When Twitter laid off about half of its 7,500 employees in early November 2022, new CEO Elon Musk stated that “all laid-off employees were offered three months’ severance pay, or 50% more than required by law.”
Although the fired employees received two months’ pay until January 4 (the official date they were fired), they did not know when they would receive severance pay after they were fired.
“I didn’t have any communication,” Helen-Sage Lee, a former Twitter employee, told Forbes on Thursday. “No communication from Twitter HQ regarding severance pay, separation agreements or next steps. »
Another former employee told Forbes that she, too, received “no severance pay and no information related to a federal benefit that allows former employees to stay on health insurance.”
While Musk has promised they’ll get an extra monthly salary as a severance pay, these workers say they’re actually owed a lot more, given that Twitter as a company had already agreed to pay before the acquisition of the billionaire. This exit package would also include bonuses, stock purchases, and other perks that could amount to tens or even hundreds of thousands of dollars per worker.
Neither Twitter attorney Eric Meckley nor Elon Musk himself responded to a Forbes request for comment.
Due to Twitter’s inaction, Boston-based lawyer Shannon Liss-Riordan announced on Thursday that she has filed 100 more arbitration claims on behalf of former Twitter employees. Arbitration is a quasi-legal process that generally favors companies over individual employees, and many companies require employees to take their disputes to arbitration rather than to court.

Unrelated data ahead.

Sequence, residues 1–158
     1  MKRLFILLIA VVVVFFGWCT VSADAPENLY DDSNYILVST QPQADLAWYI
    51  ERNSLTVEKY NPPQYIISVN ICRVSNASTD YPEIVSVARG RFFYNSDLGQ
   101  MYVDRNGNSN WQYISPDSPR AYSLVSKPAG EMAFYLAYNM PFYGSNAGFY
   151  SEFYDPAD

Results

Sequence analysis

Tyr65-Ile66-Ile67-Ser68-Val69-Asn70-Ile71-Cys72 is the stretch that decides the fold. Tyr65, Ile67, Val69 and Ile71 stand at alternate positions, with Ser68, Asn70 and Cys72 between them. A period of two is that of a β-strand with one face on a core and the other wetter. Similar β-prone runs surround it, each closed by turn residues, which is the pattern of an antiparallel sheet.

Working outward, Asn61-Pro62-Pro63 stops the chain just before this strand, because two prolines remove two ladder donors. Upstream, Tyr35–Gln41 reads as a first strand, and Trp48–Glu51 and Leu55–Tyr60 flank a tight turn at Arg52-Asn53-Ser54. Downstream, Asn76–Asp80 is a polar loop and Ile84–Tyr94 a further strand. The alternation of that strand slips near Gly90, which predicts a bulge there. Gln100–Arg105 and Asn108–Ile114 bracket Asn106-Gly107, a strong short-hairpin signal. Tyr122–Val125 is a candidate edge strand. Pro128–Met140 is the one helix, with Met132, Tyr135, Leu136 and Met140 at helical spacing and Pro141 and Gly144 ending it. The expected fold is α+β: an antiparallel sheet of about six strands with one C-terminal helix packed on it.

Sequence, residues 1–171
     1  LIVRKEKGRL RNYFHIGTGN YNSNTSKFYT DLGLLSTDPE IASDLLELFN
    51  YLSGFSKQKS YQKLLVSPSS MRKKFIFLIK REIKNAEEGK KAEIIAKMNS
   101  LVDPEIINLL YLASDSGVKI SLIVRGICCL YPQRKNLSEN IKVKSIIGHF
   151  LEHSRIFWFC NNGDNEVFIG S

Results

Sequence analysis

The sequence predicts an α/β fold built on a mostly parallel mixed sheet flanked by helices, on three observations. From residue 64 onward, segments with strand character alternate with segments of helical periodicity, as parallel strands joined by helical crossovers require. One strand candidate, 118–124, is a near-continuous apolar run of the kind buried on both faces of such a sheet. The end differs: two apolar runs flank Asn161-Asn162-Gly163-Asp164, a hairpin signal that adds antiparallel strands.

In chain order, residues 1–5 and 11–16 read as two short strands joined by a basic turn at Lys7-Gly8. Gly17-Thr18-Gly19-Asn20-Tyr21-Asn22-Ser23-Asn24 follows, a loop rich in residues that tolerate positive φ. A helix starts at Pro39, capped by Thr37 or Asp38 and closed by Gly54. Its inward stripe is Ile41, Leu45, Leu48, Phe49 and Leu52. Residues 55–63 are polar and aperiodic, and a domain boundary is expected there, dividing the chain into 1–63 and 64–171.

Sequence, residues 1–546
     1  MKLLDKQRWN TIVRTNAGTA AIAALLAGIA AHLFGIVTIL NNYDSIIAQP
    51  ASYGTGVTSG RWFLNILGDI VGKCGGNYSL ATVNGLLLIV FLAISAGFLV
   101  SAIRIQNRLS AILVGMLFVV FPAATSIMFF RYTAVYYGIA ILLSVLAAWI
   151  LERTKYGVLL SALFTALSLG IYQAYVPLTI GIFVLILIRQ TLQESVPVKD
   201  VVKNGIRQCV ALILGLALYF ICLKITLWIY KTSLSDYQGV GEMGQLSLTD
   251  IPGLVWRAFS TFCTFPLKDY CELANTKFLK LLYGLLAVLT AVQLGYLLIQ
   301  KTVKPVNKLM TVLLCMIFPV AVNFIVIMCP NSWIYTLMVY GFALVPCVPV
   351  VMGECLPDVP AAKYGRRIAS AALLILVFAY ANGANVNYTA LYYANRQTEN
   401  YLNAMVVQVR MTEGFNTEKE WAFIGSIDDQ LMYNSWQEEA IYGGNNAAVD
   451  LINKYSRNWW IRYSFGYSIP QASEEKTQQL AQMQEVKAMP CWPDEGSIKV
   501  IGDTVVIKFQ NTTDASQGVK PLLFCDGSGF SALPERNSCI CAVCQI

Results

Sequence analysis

The 100 new claims are in addition to four lawsuits, three complaints filed with the National Labor Relations Board and a previous round of 100 arbitration claims she and her firm have already filed, largely under similar laws.
In one of the lawsuits filed by Ms. Liss-Riordan, known as Cornet v. Twitter, a federal judge in San Francisco, ruled last month that the company must mention in its severance pay agreements for former employees that it is facing numerous pending class action lawsuits. However, Twitter has yet to do so. (Twitter also argued that the case should be dismissed on the grounds that it should be decided by arbitration – a San Francisco judge will hold a hearing on that particular issue later this month.)
If former employees sign a termination agreement—whatever that may be—they will likely give up their right to sue the company.
“It’s a big surprise they haven’t sent anything yet,” Liss-Riordan told Forbes. “We don’t know what Elon Musk thinks. »
Other attorneys in Los Angeles and New York also filed similar arbitration claims on behalf of former employees late last year.
Lisa Bloom, lead lawyer at her own Los Angeles-based firm, The Bloom Firm, which now represents former Twitter employees, told Forbes in an email that other clients of hers have had similar experiences.
“Twitter workers received their two months of uninterrupted base pay and some (but not all) of their benefits for two months, Nov. 4 to Jan. 4,” she wrote. “The promised third month never arrived. »
For her part, Ms. Liss-Riordan remains puzzled and noted the Twitter CEO’s tweets earlier Thursday. “The last tweet I saw from him was about Kevin McCarthy, so he’s really focused on his former employees,” she remarked ironically.
Article translated from Forbes US – Author: Cyrus Farivar
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